STAM's collection

11 Timpaan van het Rasphuis

11. Tympanum from Rasphuis prison

ca. 1824-1826

In the 18th century, the gap between rich and poor was growing. Increasing numbers of homeless people filled the streets. The city and church attempted to tackle the problem. But only those who were considered pious and virtuous received any help. Impoverished people who were seen as lazy or a nuisance were given short shrift. Their lot was that of the beggar – or imprisonment in Rasphuis prison, where they got “re-educated”. In fact, they were forced labourers and kept in degrading conditions.

STAM's collection

12 Het graven van de Brugse Vaart

12. Het graven van de Brugse Vaart

1753 - Jan Anton Garemijn

Tijdens de Tachtigjarige Oorlog gaat de Schelde op slot. Transport over de Sassevaart verloopt moeilijk. De aartshertogen Albrecht en Isabella trekken het verkeer weer vlot. Dankzij hun steun komt er een kanaal van Gent naar Brugge.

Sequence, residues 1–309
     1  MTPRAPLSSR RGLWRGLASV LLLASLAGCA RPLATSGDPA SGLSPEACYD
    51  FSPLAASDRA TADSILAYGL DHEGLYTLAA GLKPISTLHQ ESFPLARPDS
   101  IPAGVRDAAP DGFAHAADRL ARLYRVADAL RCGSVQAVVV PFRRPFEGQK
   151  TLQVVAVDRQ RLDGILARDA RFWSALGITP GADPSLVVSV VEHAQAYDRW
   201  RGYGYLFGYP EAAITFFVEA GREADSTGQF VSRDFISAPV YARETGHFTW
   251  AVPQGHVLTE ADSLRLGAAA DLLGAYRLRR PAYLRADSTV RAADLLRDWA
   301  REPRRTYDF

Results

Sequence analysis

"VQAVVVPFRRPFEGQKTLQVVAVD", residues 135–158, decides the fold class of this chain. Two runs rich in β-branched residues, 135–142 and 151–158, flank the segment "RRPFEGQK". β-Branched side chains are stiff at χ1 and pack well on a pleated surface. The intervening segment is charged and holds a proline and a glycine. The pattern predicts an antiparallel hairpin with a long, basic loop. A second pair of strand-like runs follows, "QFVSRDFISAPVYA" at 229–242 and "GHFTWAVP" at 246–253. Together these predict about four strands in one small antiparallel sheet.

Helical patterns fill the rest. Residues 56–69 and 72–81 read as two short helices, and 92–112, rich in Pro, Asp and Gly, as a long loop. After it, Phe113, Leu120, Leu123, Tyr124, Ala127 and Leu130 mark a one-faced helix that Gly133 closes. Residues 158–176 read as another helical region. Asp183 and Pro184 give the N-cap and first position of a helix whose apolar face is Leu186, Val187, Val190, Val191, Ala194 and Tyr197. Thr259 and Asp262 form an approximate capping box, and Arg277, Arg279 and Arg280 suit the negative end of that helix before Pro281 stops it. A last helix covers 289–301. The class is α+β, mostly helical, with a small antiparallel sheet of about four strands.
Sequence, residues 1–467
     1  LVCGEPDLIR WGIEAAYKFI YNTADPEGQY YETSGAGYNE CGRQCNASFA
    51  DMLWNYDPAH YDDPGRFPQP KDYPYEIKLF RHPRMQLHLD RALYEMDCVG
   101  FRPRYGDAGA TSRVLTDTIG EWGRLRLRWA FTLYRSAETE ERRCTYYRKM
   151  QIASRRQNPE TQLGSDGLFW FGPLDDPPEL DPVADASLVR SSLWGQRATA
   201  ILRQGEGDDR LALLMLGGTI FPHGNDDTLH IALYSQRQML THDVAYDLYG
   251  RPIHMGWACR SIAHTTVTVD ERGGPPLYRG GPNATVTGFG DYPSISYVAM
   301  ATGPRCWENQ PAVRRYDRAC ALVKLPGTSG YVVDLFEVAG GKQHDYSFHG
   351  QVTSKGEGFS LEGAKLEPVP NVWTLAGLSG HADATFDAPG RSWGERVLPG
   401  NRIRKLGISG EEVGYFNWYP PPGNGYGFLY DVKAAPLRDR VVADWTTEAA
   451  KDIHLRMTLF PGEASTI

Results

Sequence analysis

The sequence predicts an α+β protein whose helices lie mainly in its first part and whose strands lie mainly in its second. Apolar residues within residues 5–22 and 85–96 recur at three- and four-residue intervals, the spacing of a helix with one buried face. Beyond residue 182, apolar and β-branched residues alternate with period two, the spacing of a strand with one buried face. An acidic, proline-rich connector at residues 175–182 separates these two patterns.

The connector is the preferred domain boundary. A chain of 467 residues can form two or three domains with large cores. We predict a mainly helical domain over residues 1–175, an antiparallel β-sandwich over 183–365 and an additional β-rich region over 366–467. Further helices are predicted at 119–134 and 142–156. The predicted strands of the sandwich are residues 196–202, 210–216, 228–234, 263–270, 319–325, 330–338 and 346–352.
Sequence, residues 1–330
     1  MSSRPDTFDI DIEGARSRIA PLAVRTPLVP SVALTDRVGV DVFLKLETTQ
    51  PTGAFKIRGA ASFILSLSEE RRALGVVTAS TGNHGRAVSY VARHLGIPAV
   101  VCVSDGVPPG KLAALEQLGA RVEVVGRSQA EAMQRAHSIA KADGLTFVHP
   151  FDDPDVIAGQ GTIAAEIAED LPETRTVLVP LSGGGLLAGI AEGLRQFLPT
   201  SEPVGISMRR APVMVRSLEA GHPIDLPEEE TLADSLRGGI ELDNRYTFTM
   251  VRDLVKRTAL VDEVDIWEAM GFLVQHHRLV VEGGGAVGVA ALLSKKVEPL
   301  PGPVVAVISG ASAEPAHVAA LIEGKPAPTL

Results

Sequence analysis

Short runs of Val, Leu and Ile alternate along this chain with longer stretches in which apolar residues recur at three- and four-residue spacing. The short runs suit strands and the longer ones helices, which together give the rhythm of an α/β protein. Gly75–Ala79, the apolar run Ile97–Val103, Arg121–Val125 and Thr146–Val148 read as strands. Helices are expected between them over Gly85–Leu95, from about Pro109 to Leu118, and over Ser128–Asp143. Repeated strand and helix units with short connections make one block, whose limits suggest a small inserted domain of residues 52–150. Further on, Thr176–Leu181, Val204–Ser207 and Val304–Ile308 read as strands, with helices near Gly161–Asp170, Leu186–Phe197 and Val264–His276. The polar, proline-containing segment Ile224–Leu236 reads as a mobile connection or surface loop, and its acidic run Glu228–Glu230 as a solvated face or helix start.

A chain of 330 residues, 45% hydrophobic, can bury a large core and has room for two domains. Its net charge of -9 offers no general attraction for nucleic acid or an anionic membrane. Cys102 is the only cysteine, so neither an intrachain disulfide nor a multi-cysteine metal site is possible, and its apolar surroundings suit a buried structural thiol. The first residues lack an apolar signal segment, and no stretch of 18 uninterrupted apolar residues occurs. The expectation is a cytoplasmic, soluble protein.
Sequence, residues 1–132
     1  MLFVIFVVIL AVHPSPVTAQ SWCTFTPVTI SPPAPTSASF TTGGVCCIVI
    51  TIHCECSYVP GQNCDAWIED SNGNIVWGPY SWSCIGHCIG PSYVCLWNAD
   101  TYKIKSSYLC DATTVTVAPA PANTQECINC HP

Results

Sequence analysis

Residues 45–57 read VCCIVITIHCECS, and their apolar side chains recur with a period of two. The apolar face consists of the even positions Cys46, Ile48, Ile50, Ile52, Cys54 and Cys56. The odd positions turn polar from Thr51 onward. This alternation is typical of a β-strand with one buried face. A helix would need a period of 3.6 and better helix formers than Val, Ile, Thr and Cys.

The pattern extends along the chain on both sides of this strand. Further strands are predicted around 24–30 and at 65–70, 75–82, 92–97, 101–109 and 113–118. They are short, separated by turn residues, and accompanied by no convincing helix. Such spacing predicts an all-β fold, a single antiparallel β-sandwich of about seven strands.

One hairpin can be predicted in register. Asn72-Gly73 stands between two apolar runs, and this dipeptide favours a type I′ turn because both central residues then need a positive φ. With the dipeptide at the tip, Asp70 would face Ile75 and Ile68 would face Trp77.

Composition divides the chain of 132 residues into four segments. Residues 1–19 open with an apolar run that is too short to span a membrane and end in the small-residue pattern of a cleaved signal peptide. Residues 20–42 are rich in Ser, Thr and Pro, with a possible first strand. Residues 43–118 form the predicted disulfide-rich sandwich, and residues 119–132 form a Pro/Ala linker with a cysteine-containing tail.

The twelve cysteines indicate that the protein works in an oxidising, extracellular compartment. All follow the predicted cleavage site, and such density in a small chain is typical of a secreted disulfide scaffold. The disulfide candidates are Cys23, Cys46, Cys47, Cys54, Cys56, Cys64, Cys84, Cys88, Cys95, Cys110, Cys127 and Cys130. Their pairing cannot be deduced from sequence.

De Oostenrijkse keizerin Maria-Theresia ruimt ook hindernissen voor de binnenscheepvaart: dankzij coupures kunnen grote schepen direct doorvaren. Vanaf 1750 is Gent opnieuw de draaischijf van het transitverkeer in de Lage Landen. Pakhuizen puilen uit van de exotische koopwaar. De stad lijkt wel een zeehaven.

Lender: Musea Brugge – Groeningemuseum

Gallerie 7: Unbridled city

13 Foto beluik

13. Photograph of a slum

Late 19th century - Edmond Sacré

Industry spread across the city. Disused monasteries were turned into factories. Even the Castle of the Counts was filled with the noise of machinery. As the 19th century progressed, activities shifted to the outskirts. Thousands of impoverished working-class families were forced to live in slums and hovels, ravaged by deadly diseases such as typhoid and cholera.

KIK-IRPA, Brussel